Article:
The Hope Street Hotel, Liverpool.

Henderson is supposed to be preparing for the second leg of a Europa League qualifier with Hearts, but his world has just been turned upside down.

He’d been called into a side room by manager Brendan Rodgers and informed that Liverpool had offered him as part-exchange in a deal to sign Clint Dempsey from Fulham. The decision, Rodgers told him, was his.

“I went back to my room and I shed a few tears,” Henderson would reveal last year. “It hurt so much.

“I spoke to my agent and told him what had happened and I said I didn’t want to go. I wanted to stay and fight and try and improve and try to prove the manager wrong. My agent agreed. I spoke to my dad. He was gutted but he backed my decision to stay and fight.”

Henderson had cost Liverpool £16million when moving from Sunderland in June 2011. He’d emerged as one of the country’s most promising young players at the Stadium of Light, making 71 Premier League appearances before his 21st birthday, as well as 13 during a loan spell with Coventry City in League One.

His first season at Liverpool brought him a League Cup winners’ medal. Henderson played more games (48) than any other player in Kenny Dalglish’s squad, but doubts about his suitability were never far from the surface. As a right-sided midfielder, he lacked trickery and speed, while in the middle he struggled to impact games.

He’d gone to the European Championship with England that summer, a late call-up to replace the injured Frank Lampard, but Rodgers was far from convinced. Within days of his arrival as Liverpool boss, he was confiding in journalists that Henderson and Andy Carroll, another big-money Dalglish buy, were “not Liverpool footballers.”

He had it wrong. While Carroll, whose training-ground approach could not have been more different, was loaned and eventually sold, Henderson took a different path.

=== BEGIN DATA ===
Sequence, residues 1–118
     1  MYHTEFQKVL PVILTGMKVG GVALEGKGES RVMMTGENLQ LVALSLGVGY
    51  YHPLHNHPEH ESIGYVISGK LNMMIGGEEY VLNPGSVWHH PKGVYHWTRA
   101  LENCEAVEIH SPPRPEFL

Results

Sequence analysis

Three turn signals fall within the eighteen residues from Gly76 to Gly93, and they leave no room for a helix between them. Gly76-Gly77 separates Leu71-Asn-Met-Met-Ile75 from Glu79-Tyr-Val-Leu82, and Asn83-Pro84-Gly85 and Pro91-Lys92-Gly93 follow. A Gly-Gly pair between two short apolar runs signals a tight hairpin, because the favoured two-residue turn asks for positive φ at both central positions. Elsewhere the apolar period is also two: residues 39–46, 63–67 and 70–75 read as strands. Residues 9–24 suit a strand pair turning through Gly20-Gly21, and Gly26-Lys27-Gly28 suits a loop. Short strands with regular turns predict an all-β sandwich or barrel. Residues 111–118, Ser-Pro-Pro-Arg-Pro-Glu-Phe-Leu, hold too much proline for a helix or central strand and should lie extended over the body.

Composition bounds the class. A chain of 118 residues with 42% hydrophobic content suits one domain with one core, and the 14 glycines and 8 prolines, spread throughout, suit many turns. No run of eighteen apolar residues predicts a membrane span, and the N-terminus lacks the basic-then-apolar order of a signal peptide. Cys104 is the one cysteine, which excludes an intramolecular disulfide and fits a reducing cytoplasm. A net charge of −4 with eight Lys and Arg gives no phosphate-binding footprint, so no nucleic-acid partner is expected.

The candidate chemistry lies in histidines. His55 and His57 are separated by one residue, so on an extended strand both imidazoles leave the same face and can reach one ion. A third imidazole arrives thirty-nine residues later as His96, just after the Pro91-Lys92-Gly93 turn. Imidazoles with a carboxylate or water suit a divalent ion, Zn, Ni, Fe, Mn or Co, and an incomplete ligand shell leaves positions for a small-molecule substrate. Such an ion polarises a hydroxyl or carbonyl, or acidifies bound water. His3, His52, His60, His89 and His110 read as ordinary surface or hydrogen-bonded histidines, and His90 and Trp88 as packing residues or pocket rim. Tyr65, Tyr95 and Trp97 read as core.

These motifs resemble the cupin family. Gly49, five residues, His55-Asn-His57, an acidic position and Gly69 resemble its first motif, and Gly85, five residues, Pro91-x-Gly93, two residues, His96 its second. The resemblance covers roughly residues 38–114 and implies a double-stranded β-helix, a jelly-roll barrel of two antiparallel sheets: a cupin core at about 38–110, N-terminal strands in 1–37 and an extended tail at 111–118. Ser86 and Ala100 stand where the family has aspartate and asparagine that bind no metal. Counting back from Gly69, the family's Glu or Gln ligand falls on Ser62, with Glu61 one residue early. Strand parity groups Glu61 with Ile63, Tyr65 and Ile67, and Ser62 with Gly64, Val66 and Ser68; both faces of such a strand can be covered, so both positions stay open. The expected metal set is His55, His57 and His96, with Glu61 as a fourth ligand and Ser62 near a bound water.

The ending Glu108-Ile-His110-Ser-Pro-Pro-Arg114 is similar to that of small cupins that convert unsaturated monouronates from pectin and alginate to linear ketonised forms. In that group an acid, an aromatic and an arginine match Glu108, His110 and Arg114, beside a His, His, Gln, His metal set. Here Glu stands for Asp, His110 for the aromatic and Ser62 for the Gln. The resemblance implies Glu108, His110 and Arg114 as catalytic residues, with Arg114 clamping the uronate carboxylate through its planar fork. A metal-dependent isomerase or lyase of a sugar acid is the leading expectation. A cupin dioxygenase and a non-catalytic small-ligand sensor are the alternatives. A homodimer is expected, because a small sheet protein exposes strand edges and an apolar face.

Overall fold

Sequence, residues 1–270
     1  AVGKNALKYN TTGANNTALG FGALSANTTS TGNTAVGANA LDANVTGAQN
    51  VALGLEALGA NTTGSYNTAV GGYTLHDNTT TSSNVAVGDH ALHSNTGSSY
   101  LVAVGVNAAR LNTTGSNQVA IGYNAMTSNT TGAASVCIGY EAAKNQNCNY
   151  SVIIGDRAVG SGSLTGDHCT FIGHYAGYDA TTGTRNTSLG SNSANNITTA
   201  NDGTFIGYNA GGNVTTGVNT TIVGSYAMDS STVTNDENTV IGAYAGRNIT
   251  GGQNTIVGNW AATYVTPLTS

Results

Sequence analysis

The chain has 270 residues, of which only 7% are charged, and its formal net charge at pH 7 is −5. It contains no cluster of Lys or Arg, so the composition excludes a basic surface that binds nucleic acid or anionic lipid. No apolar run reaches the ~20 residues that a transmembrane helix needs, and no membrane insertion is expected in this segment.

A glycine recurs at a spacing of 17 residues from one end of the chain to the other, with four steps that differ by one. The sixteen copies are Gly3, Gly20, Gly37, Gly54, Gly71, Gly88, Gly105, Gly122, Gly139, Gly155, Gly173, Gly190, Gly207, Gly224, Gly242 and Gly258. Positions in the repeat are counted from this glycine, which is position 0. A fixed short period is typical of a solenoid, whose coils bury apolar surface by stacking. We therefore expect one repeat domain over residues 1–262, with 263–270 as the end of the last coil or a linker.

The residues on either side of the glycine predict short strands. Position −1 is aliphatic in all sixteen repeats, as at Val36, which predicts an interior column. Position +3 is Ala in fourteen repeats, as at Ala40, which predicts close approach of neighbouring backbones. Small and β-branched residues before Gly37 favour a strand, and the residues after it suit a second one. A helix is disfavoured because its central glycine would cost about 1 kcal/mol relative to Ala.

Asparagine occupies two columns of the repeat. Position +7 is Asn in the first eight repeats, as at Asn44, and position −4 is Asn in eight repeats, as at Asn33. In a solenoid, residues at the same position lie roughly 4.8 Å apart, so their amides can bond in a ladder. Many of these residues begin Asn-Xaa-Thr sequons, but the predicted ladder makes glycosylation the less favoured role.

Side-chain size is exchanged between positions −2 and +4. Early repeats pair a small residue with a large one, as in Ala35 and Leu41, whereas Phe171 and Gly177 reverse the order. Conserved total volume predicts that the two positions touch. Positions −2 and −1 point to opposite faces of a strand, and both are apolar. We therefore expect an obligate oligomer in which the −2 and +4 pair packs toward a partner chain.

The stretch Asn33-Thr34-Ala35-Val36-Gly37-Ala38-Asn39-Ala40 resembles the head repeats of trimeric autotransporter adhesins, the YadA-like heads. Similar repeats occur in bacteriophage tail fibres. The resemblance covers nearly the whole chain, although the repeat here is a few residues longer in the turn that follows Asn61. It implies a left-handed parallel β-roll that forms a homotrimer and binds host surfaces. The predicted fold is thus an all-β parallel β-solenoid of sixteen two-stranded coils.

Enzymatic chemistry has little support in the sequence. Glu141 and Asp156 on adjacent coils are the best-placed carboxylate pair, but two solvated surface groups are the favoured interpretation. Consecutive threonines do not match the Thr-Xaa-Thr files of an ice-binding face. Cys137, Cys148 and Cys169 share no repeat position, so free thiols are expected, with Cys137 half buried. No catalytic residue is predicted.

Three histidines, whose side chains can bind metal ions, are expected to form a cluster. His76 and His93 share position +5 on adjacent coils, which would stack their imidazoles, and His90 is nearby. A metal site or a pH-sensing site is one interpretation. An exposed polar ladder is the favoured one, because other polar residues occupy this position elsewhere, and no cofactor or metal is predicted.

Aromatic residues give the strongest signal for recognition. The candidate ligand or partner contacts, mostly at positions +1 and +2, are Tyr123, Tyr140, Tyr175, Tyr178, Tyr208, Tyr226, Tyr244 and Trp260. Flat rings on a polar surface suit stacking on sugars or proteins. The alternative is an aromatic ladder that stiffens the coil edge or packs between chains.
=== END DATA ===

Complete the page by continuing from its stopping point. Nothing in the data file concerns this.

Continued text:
“From that point, I just kept my head down,” he says. “I knew I wouldn’t get as much game time as I wanted but I still had faith. I was young enough to get my head down, keep working hard, do my extra bits and prove them wrong. I feel I managed to do that by the time Brendan left.”

Henderson would not start a league game under Rodgers until the November of that season, and admits his home life suffered as he pushed himself to the limit with extra sessions and extra stress. “I wasn’t a nice person to be around,” he said. All he wanted to do when he got home to his wife Rebecca, he admitted, was sleep.

It paid off though. By the end of the campaign he had made 44 appearances, scoring six times. He was going nowhere.

In 2013/14, Henderson’s influence grew as Liverpool, led by Luis Suarez’s magic and Steven Gerrard’s class, mounted an unexpected title challenge.

Five games from the end of the campaign, the Reds welcomed Manchester City to Anfield. Victory would put Rodgers’ side top of the table, in control of their destiny.

They got the win, but at a cost. In the final minute of stoppage time, with City chasing an equaliser, Henderson threw himself into a challenge with Samir Nasri, earning a straight red card. Liverpool were top of the table on a run of 10 straight wins, but privately Rodgers worried his midfielder’s three-game suspension could derail their charge. “I knew we couldn’t replace him,” he would later say.

It was during that suspension that Henderson’s leadership qualities, spotted by Ball and Co at Sunderland, came to the fore. As Liverpool approached the finishing line, naturally the media requests began to pile up. Henderson met with Rodgers and with the Reds’ head of press to discuss an idea.

“I’m suspended,” he suggested, “so why not send me and let the other lads focus on their football?”